Frequently Asked Questions about Mold
1. What is mold?
We have probably all encountered mold at one time or another. It might have been in the shower, or on a stale piece of bread or wet drywall. Mold is a microscopic life form found in all parts of the world. It is part of the natural decay process of organic materials. There are many different species of mold, and while they are diverse, they share some common characteristics:
- Molds require an organic food source. The most common food source indoors is cellulose, which is found in building materials such as wood and drywall.
- Molds require oxygen, so they do not grow under water.
- Molds require moisture. To prevent mold, buildings must be kept dry.
- Molds are spread by tiny particles called “spores. “
2. Why is it a problem?
- The colored, fuzzy growth on the surface of a wall, floor, ceiling or other indoor surface is obviously very objectionable.
- Active mold colonies usually emit a very unpleasant, musty odor.
- Because the job of mold is to digest, decay and recycle dead organic matter, it will eventually destroy whatever surface it grows on.
- Exposure to mold spores can cause mild to severe allergic reactions, depending on individual sensitivity. Young children, the elderly and persons with compromised immune systems are at high risk of becoming ill from potential mold issues in a home or business.
3. What is a reasonable & safe response?
The best way to deal with mold is to prevent it from happening. If the drying of wet building materials is commenced within 24 hours (assuming clean water), the chances of preventing mold growth are excellent. If building materials remain wet, it is inevitable that mold will start to grow. Therefore, addressing and eliminating moisture problems is the critical first step. Simply put, “Got Moisture? Got Mold!”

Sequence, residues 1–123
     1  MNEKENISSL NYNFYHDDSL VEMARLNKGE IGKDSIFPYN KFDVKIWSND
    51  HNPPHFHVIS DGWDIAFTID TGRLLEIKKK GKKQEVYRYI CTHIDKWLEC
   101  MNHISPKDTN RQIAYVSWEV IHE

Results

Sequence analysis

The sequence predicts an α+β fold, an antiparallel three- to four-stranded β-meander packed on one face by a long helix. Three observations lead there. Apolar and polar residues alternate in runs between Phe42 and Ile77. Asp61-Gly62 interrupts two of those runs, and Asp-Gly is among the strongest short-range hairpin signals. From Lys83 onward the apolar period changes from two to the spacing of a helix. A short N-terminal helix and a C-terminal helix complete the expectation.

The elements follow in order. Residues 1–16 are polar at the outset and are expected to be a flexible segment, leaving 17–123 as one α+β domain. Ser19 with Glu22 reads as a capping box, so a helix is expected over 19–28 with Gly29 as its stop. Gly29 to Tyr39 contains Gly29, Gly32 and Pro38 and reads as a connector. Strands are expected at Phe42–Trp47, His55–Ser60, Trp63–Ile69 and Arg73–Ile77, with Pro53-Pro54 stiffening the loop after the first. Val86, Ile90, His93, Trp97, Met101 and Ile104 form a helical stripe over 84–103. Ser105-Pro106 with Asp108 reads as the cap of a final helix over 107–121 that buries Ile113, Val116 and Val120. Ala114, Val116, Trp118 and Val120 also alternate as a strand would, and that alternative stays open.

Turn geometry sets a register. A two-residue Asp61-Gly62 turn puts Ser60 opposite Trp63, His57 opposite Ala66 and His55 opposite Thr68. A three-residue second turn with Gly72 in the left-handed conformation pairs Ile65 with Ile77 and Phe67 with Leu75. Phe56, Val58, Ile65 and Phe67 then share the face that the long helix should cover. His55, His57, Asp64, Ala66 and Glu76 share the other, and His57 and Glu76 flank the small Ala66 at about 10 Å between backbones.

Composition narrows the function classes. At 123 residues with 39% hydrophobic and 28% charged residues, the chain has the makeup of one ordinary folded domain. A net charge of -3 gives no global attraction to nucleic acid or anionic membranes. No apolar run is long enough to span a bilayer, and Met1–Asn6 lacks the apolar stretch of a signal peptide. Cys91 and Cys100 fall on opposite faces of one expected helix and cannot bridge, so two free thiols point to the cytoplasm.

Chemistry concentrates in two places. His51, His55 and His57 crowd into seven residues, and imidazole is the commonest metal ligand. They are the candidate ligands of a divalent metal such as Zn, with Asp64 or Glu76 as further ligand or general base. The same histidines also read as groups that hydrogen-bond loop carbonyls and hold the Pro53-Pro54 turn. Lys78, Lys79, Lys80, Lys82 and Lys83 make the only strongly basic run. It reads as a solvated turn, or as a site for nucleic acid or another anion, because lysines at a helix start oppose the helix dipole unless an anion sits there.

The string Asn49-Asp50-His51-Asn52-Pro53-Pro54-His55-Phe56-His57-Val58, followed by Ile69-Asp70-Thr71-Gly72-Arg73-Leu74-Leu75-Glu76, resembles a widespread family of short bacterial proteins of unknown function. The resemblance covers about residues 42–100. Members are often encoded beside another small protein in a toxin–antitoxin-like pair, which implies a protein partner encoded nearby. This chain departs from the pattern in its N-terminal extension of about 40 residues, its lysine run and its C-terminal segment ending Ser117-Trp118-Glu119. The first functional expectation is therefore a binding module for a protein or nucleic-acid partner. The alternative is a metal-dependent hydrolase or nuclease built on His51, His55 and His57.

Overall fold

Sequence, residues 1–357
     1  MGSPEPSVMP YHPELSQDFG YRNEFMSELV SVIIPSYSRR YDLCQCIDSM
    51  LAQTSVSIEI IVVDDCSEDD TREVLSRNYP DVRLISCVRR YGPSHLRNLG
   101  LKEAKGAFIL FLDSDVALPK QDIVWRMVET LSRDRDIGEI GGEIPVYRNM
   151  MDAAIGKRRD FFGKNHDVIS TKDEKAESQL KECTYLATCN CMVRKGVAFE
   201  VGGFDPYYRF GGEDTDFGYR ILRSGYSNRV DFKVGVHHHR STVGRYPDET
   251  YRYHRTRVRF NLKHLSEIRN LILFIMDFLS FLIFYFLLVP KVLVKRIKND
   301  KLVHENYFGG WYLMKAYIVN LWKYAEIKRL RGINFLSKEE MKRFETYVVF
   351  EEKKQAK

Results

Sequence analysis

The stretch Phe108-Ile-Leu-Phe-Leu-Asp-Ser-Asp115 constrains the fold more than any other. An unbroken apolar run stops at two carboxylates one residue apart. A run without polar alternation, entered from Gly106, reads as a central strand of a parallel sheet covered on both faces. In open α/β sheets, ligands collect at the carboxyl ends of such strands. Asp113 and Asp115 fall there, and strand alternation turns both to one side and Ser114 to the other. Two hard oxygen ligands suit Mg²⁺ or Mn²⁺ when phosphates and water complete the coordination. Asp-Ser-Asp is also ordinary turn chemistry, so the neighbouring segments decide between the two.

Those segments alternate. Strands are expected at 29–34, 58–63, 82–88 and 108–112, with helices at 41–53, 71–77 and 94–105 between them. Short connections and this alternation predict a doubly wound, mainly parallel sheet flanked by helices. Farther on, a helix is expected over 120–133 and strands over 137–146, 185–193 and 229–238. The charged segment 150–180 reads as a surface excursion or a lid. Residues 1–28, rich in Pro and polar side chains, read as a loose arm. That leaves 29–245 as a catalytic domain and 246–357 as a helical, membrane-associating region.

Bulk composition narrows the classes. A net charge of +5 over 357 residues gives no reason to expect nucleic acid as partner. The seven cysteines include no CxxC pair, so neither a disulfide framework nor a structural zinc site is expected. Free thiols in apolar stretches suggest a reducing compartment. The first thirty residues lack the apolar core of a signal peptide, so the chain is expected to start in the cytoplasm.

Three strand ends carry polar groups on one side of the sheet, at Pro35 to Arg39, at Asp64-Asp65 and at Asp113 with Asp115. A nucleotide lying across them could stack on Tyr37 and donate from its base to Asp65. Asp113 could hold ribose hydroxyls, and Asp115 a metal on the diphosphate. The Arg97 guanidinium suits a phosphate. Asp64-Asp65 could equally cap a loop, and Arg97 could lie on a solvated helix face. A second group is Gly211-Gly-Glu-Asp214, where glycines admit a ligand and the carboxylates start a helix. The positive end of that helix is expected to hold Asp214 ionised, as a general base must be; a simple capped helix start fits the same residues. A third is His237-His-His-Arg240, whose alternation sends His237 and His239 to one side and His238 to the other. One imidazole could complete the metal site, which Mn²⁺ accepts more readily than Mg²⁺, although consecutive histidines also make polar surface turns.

However, once mold is present, drying is not enough. Moldy materials must be either removed or decontaminated. This process is called remediation, which means “to remedy” or “to cure.” Proper remediation procedures will be determined by the size, scope and nature of the mold contamination.
The U.S. Environmental Protection Agency (EPA) has published a helpful guidebook for homeowners about the cleanup and prevention of mold problems in homes. This booklet, entitled A Brief Guide to Mold, Moisture and Your Home, can help you decide when you can handle mold cleanup yourself and when you should call a professional. The booklet is available on the EPA website at www.epa.gov/iaq/molds/moldguide.html
ServiceMaster of Eugene can help
We have completed the ServiceMaster Clean Quality Restoration intensive mold remediation training. We have also received instruction in the proper procedures for handling mold claims. We are prepared to handle small (10 square feet or less) and isolated areas affected by mold that may be encountered in the course of normal water damage mitigation services. In addition, we are trained and certified to perform larger mold remediation projects. Just how far reaching the effects of mold may be is yet to be determined. What is clear is that living or working in a moldy home or building is ill advised. The obvious response is to address water intrusion issues promptly and thoroughly, before mold has a chance to grow. ServiceMaster of Eugene is the industry leader in professional water damage mitigation and restoration services and stands ready to serve you.